There is building momentum about GDPR (General Data Protection Regulations) which come into force in May this year. They are an update to the the Data Protection Act which currently governs how we, as business owners, must look after the data that is in our possesion.

I had been thinking of providing some information about GDPR to my clients because it affects systems on a number of levels. Most of the systems we use in our businesses involve data and so they are likely to be affected by the new regulations. Then I had a bit of a wobble, there were lawyers muttering about how you needed to be legally qualified in order to give advice on GDPR and I nearly threw the towel in. After all, who was I to talk about GDPR?

They I remembered that throughout my corporate life I had been responsible for turning (sometimes extremely complicated) policies into real live systems and not only that but I had been pretty good at it! I was heavily involved in designing and implementing the Freedom of Information Act systems and Policies at the government organisation I was working with as it went live and I have been involved in Data Protection issues in nearly every implementation I was involved with.

Plus I am a bit fed up with the lawyers saying that small businesses need to fork out lots of money to comply with the new regulations. To quote the ICO (Information Commissioner’s Office) “GDPR requires the information to be provided in concise, easy to understand and clear language.” This is not something I feel lawyers excel at.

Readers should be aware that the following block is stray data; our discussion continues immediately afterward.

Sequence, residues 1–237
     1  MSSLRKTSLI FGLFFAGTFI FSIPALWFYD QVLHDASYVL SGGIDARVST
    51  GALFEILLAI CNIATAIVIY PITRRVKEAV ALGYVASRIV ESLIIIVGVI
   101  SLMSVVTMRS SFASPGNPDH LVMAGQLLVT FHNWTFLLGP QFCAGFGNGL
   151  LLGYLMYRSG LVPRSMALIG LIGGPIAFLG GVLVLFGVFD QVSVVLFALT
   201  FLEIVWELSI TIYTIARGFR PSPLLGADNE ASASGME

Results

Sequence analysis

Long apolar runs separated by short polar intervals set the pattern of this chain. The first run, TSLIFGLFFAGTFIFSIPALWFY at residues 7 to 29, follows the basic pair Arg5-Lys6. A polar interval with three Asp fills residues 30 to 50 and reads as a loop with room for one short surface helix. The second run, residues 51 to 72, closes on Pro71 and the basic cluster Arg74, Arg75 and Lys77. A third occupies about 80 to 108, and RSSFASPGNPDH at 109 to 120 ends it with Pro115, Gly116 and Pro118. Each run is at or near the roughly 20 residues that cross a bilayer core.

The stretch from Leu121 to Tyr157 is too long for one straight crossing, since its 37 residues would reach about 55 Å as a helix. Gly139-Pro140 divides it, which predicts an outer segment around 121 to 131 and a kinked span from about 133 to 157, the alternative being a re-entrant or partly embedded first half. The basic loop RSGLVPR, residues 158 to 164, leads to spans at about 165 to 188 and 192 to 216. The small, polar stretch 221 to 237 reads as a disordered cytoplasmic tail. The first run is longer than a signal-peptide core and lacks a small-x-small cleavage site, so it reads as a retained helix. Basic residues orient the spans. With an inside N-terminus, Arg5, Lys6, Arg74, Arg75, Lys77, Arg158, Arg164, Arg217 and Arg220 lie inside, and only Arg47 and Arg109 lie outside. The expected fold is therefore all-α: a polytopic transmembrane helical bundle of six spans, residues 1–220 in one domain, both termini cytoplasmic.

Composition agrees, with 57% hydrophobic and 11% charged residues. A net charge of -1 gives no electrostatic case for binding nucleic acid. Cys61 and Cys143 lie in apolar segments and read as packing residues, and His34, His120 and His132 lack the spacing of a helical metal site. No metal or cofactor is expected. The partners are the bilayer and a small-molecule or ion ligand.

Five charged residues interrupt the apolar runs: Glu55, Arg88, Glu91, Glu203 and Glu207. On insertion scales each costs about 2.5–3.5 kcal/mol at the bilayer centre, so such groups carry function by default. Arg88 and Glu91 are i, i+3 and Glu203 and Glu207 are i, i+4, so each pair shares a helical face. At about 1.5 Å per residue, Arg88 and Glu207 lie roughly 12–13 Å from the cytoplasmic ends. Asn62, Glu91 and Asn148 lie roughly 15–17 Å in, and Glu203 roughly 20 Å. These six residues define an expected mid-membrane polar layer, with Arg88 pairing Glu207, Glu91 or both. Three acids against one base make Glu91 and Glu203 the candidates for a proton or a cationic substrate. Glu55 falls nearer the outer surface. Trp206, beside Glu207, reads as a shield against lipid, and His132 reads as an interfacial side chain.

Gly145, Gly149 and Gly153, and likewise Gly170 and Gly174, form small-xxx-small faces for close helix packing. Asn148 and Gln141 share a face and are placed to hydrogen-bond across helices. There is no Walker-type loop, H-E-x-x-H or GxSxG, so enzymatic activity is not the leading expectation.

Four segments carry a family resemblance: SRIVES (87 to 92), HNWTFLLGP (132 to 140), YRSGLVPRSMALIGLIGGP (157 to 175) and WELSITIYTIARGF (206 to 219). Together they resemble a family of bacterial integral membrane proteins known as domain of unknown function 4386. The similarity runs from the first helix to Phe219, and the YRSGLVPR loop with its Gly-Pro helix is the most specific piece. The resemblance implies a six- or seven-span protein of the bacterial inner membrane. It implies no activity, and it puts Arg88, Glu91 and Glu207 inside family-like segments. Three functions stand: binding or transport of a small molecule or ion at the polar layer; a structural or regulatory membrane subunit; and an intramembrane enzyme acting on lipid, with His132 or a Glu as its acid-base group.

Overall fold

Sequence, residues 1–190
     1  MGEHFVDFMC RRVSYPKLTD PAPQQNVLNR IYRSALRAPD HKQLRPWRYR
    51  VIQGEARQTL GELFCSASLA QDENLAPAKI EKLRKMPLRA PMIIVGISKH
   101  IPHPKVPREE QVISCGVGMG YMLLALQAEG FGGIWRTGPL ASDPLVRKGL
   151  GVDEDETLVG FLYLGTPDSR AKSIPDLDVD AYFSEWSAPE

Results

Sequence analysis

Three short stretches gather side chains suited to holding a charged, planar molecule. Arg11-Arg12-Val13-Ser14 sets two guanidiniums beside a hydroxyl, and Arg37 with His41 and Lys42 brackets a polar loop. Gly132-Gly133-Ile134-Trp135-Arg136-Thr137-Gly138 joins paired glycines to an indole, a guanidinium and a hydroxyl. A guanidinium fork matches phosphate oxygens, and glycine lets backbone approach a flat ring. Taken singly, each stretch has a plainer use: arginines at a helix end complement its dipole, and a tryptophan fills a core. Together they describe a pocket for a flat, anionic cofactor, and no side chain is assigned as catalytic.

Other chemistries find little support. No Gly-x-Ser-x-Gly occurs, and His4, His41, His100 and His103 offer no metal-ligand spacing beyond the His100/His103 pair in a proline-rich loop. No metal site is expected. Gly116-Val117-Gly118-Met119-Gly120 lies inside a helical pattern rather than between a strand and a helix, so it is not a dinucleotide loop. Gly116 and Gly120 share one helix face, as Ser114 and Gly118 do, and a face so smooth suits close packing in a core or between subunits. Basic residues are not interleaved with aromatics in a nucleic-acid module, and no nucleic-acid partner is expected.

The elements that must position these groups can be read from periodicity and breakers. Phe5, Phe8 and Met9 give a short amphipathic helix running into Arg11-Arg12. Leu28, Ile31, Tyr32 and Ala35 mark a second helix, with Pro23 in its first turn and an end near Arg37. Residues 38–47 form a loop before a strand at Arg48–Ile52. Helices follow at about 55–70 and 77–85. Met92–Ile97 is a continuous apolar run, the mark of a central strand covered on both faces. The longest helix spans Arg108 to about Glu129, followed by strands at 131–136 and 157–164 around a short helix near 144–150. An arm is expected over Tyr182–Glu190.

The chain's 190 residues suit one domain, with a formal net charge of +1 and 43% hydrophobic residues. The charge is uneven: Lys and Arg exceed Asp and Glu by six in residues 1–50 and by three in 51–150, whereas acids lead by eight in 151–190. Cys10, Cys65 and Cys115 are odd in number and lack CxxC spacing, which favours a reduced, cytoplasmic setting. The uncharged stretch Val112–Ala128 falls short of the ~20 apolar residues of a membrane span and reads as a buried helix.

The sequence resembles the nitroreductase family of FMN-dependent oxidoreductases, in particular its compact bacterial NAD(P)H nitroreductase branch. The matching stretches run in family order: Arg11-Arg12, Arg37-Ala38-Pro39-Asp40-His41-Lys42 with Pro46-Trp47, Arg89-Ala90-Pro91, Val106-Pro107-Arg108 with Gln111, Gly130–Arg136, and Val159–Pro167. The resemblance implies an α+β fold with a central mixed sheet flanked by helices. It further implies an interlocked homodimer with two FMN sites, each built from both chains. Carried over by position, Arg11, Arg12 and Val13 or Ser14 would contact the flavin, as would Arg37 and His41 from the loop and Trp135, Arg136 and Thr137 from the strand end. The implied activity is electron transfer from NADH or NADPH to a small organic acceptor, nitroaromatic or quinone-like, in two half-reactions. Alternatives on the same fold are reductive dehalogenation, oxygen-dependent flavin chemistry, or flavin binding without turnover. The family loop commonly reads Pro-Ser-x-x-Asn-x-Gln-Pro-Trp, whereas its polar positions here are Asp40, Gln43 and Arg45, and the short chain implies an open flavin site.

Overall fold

So I am putting my stake in the ground and over the next few weeks I will sharing my GDPR journey, hinging round what systems I am putting in place or tweaks I am making to existing systems to make mybusiness GDPR compliant. 

I’m also not just going to say GPDR says this but share the content of the regulations and explain why I am making the changes I am in my business. Hopefully this will help you to be able to do the same in yours.

Finally, I did think about seeking a qualification but a bit of investigation showed that while there are some (very expensive) qualifications out there, they aren’t actually endorsed by the Information Commisioner’s Office (ICO) or regulated in a any way. Also, having used up a number of days of my life on similar training, I’m not sure that I have enough time left on earth to go through a further 4 days of it! If you speak to someone saying they are qualified, make sure the qualification is worth more than the paper it is written on! 

If you want to seek legal advice then that’s all good but if you don’t have the budget or want to understand why you are doing things in your business then stick around to find out more.

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